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http://dx.doi.org/10.3390/ijerph17217913DOI Listing
http://www.ncbi.nlm.nih.gov/pmc/articles/PMC7663113PMC
October 2020

Roma Health: An Overview of Communicable Diseases in Eastern and Central Europe.

Int J Environ Res Public Health 2020 10 20;17(20). Epub 2020 Oct 20.

Department of Community and Occupational Medicine, University Medical Center Groningen, University of Groningen, Ant. Deusinglaan 1, 9713 AV Groningen, The Netherlands.

The Roma are Europe's largest minority. They are also one of its most disadvantaged, with low levels of education and health and high levels of poverty. Research on Roma health often reveals higher burdens of disease in the communities studied. This paper aims to review the literature on communicable diseases among Roma across Eastern and Central Europe. A PubMed search was carried out for communicable diseases among Roma in these parts of Europe, specifically in Romania, Bulgaria, Hungary, Serbia, Slovakia, the Czech Republic and North Macedonia. The papers were then screened for relevance and utility. Nineteen papers were selected for review; most of them from Slovakia. Roma continue to have a higher prevalence of communicable diseases and are at higher risk of infection than the majority populations of the countries they live in. Roma children in particular have a particularly high prevalence of parasitic disease. However, these differences in disease prevalence are not present across all diseases and all populations. For example, when Roma are compared to non-Roma living in close proximity to them, these differences are often no longer significant.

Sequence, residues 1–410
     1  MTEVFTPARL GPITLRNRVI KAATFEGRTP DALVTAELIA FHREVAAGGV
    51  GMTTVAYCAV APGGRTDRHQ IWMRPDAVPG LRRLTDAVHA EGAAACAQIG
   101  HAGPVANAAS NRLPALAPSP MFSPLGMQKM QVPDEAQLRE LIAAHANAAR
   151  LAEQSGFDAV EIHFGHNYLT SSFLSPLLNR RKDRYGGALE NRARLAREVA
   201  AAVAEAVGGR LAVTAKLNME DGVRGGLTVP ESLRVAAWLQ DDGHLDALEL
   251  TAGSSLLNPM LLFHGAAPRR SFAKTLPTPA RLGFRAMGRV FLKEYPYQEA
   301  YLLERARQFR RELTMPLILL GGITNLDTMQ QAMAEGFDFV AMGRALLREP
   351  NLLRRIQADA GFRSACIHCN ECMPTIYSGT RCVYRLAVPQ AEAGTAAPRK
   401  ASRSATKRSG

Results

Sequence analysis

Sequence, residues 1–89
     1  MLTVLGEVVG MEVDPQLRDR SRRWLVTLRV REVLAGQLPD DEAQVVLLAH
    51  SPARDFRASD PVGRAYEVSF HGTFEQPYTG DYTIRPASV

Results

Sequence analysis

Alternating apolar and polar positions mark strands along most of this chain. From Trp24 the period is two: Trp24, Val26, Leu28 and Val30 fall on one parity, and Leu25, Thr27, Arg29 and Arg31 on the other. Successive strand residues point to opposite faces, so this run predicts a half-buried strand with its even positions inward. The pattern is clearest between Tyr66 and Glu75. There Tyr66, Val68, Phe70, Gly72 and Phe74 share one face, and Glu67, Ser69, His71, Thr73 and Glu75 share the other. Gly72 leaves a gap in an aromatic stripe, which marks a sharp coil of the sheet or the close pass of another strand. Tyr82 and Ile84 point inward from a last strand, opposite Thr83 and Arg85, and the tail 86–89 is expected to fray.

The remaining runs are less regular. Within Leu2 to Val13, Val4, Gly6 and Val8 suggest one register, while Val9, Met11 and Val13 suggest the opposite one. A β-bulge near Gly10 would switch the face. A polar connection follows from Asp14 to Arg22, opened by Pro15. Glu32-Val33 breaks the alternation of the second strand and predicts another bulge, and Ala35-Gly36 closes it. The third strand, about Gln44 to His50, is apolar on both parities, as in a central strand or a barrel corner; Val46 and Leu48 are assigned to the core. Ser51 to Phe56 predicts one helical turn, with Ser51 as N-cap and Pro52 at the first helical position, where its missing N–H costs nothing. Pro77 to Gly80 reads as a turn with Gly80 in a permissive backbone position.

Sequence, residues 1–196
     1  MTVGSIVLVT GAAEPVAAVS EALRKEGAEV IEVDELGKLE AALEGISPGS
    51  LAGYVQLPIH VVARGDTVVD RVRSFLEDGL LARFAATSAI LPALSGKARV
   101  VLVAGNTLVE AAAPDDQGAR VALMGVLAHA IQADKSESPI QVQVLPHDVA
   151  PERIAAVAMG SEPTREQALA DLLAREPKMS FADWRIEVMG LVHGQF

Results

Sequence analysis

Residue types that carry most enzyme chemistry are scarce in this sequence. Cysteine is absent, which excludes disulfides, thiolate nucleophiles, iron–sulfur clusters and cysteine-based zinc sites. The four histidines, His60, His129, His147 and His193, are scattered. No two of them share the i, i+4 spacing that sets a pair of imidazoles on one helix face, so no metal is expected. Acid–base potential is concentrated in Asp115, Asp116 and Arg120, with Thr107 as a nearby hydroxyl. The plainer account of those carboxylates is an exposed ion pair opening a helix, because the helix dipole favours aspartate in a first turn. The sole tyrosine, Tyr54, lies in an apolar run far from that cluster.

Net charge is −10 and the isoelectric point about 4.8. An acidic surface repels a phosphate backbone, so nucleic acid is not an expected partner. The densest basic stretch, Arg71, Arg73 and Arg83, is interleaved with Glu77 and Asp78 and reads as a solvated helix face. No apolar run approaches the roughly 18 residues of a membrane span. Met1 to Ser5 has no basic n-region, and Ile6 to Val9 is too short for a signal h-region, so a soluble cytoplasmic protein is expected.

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http://dx.doi.org/10.3390/ijerph17207632DOI Listing
http://www.ncbi.nlm.nih.gov/pmc/articles/PMC7588998PMC
October 2020

Test-Retest Reliability of a Questionnaire on Motives for Physical Activity among Adolescents.

Int J Environ Res Public Health 2020 10 17;17(20). Epub 2020 Oct 17.

Department of Community & Occupational Medicine, University Medical Center Groningen, University of Groningen, A. Deusinglaan 1, 9713 AV Groningen, The Netherlands.

The aim of this study was to investigate the test-retest reliability of the motives for undertaking physical activity (PA) items from the Health Behavior in School-Aged Children (HBSC) study questionnaire among Slovak and Czech adolescents and to determine whether this reliability differs by gender, age group and country. We obtained data from 580 students aged 11 and 15 years old (51.2% boys) who participated in a test and retest study with a four-week interval in 2013 via the Health Behavior in School-Aged Children cross-sectional study in the Czech Republic and Slovakia. We estimated the test-retest reliability of all 13 dichotomized motives by using Intraclass Correlation Coefficients (ICC) and Cohen's Kappa statistics, for continuous and dichotomized motives, respectively. Test-retest reliability showed moderate agreement for nine motives (ICC from 0.41 to 0.60) and fair agreement for four motives (ICC from 0.33 to 0.40). Kappa statistics were similarly moderate to large (0.33 to 0.61), except for three motives with small or trivial correlations. The motives "To improve my health" and "To enjoy the feeling of using my body" had consistently low Kappas and correlations. Overall, the results of this study suggest that most questions on motives for PA on the HBSC questionnaire have acceptable test-retest characteristics for use among adolescents.
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http://dx.doi.org/10.3390/ijerph17207551DOI Listing
http://www.ncbi.nlm.nih.gov/pmc/articles/PMC7589029PMC
October 2020

Social Structure in a Roma Settlement: Comparison over Time.

Int J Environ Res Public Health 2020 10 7;17(19). Epub 2020 Oct 7.

Department Community & Occupational Medicine, University Medical Centre Groningen, University of Groningen, 9713 AV Groningen, The Netherlands.